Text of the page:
Saturday, September 23, 2023

Rawlins to get $500K for clean-up around I-80 Corridor

The U.S. Environmental Protection Agency (EPA) today announced the City of Rawlins will receive a $500,000 Brownfields Assessment grant to conduct environmental assessments and develop cleanup plans at more than 20 high-priority properties. The target area for the grant is the Interstate 80 Corridor, including abandoned motel properties, a former gas station, a five-structure vacant apartment complex and a former bar.  

“The City of Rawlins has put together a strategic vision for assessing, cleaning up and revitalizing blighted properties along the I-80 corridor,” said EPA Regional Administrator KC Becker.   “We look forward to seeing these projects bring new assets and business opportunities to the Rawlins community.”  

The EPA funds are part of President Biden’s Investing in America Agenda to expedite the assessment and cleanup of brownfield sites while advancing environmental justice through the Multipurpose, Assessment, Revolving Loan Fund, and Cleanup (MARC) Grant programs. Thanks to the boost from the Bipartisan Infrastructure Law, this funding is the largest ever awarded by the EPA’s Brownfields MARC Grant program.  

“The City of Rawlins is very excited and honored to be selected for a Brownfield Assessment Grant which will provide our community technical assistance to develop a plan with vacant or underutilized properties that may be environmentally contaminated and has redevelopment potential, thus transforming them into viable businesses,” said Mayor Terry Weickum.  

Many of the priority sites identified by the city are boarded up and vacant due to contamination concerns related to asbestos, lead, mold, metals, petroleum compounds, and other hazardous materials posing human health concerns and preventing redevelopment.   

Targeted sites include the former Express Inn, Sunset Motel, the Wyoming Bar and abandoned gas station and auto service properties on East Cedar and 6th Streets.  

Reuse plans for these properties include new assisted living centers, affordable homes and apartments and viable, tax-generating businesses serving residents and tourists.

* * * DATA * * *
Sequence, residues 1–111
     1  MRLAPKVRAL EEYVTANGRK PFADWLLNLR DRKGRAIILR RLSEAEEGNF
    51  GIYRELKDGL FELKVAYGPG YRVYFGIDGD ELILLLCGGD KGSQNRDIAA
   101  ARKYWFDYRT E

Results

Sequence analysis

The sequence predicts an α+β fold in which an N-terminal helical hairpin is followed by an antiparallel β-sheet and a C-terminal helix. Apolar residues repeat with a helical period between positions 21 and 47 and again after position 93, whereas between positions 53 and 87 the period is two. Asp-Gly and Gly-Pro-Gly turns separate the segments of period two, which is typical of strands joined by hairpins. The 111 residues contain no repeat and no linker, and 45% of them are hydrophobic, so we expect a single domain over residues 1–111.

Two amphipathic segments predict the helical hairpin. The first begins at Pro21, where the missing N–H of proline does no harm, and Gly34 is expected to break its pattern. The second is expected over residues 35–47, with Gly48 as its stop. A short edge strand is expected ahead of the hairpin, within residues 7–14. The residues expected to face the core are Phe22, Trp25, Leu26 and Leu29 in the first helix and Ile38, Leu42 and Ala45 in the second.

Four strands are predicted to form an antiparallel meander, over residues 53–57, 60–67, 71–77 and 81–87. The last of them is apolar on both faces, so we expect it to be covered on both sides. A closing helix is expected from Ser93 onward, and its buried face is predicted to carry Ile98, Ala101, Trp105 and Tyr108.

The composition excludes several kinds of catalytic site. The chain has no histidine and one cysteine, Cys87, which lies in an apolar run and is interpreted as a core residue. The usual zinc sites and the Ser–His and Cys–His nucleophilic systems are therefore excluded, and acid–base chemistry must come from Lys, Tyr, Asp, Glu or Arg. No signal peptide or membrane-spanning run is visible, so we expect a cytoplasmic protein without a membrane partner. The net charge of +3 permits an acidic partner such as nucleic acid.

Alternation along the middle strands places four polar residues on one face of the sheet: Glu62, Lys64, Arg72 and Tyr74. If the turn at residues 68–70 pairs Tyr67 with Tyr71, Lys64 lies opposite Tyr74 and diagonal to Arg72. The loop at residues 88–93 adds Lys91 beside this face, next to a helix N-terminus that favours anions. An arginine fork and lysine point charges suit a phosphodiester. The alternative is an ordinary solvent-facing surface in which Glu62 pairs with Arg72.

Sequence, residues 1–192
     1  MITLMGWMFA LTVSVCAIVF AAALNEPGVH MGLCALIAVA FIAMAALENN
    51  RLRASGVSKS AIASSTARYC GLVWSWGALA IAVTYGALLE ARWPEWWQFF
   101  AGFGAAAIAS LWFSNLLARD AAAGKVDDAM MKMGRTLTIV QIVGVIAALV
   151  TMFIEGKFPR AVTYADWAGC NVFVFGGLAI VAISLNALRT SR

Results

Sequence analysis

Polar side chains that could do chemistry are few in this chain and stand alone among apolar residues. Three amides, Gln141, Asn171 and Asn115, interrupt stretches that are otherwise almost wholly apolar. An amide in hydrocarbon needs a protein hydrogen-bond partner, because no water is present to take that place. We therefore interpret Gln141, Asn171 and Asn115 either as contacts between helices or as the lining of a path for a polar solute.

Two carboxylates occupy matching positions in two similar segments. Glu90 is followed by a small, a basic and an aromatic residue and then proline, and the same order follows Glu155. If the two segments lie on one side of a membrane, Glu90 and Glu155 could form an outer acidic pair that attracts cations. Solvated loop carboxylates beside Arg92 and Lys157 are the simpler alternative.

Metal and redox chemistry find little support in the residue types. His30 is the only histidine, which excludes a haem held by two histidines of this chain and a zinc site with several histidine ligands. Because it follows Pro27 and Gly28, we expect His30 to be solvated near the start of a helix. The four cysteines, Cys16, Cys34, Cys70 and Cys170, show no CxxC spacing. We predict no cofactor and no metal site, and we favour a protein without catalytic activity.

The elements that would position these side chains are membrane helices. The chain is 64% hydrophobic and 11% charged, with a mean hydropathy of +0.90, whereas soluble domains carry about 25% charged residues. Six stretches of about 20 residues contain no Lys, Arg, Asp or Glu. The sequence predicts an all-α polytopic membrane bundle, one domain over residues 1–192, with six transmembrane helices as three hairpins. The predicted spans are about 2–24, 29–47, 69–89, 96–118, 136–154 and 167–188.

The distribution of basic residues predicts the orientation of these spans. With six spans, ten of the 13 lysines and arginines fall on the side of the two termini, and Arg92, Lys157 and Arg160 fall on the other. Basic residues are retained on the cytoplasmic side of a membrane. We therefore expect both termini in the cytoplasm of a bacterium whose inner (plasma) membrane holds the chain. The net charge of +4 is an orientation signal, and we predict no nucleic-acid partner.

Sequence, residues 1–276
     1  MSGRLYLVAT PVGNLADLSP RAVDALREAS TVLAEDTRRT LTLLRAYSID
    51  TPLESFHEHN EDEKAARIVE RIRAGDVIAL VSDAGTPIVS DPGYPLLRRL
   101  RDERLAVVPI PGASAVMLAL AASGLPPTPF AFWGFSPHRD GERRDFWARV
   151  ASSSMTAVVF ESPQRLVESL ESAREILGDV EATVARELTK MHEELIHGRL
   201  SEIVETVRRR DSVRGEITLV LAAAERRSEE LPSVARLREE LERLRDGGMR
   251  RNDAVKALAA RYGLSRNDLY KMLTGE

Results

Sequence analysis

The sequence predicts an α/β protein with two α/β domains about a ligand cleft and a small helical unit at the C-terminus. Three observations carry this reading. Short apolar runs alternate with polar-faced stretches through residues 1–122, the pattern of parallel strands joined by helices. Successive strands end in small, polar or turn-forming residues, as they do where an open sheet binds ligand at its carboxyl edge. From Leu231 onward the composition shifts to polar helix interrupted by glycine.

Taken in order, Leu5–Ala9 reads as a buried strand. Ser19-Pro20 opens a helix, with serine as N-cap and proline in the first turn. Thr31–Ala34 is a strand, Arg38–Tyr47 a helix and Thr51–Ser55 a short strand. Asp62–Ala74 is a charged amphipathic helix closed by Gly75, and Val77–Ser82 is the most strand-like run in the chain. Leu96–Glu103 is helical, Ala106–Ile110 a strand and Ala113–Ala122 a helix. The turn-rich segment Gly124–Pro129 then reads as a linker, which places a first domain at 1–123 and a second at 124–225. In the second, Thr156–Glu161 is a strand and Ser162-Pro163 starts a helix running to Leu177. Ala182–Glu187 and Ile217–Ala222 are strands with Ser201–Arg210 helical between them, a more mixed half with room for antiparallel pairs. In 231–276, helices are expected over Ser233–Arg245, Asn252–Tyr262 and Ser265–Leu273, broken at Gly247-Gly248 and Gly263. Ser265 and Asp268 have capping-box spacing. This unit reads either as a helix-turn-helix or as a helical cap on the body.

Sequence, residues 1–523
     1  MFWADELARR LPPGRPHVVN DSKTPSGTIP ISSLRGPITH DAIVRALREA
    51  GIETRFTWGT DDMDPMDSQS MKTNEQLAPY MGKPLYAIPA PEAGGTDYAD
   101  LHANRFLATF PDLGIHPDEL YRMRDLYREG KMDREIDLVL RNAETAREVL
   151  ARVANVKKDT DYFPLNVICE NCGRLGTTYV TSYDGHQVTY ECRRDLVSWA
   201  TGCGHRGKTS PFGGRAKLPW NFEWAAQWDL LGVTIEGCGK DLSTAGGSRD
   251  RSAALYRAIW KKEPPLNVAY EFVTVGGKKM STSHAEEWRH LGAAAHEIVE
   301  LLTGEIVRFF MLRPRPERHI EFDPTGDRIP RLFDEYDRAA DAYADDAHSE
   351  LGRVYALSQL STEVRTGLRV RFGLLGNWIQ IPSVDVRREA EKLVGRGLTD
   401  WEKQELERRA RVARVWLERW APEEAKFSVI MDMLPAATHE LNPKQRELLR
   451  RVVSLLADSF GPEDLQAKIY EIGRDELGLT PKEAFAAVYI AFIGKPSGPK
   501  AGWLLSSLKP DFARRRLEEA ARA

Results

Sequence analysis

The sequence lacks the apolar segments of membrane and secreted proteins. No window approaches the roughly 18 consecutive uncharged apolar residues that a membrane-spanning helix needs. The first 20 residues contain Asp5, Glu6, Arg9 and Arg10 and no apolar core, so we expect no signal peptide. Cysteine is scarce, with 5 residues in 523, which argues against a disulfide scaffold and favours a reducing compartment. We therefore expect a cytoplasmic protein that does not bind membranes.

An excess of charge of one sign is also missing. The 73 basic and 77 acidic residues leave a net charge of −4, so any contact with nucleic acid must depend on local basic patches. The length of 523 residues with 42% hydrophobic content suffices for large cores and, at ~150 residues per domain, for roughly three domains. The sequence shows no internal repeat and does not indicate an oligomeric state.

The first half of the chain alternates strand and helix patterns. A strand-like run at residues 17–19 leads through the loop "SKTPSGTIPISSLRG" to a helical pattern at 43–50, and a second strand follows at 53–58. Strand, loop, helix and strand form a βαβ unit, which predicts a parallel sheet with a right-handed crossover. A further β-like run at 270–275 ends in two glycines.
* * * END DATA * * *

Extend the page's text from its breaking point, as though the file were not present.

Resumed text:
Thanks to the historic $1.5 billion boost from President Biden’s Bipartisan Infrastructure Law, EPA’s Brownfields Program is helping more communities than ever begin to address the economic, social and environmental challenges caused by brownfields and stimulate economic opportunity and environmental revitalization in historically overburdened communities.  

EPA’s Brownfields Program also advances President Biden’s Justice40 Initiative to direct 40% of the overall benefits of certain federal investments to disadvantaged communities. Approximately 84% of the MARC program applications selected to receive funding proposed to work in areas that include historically underserved communities. 

EPA’s Brownfields Program began in 1995 and has provided nearly $2.37 billion in Brownfield Grants to assess and clean up contaminated properties and return blighted properties to productive reuse. EPA’s investments in addressing brownfield sites have leveraged more than $36 billion in cleanup and redevelopment. Communities that previously received Brownfields Grants used these resources to fund assessments and cleanups of brownfields, and successfully leverage an average of 10.6 jobs per $100,000 of grant funds spent and $19.78 for every dollar.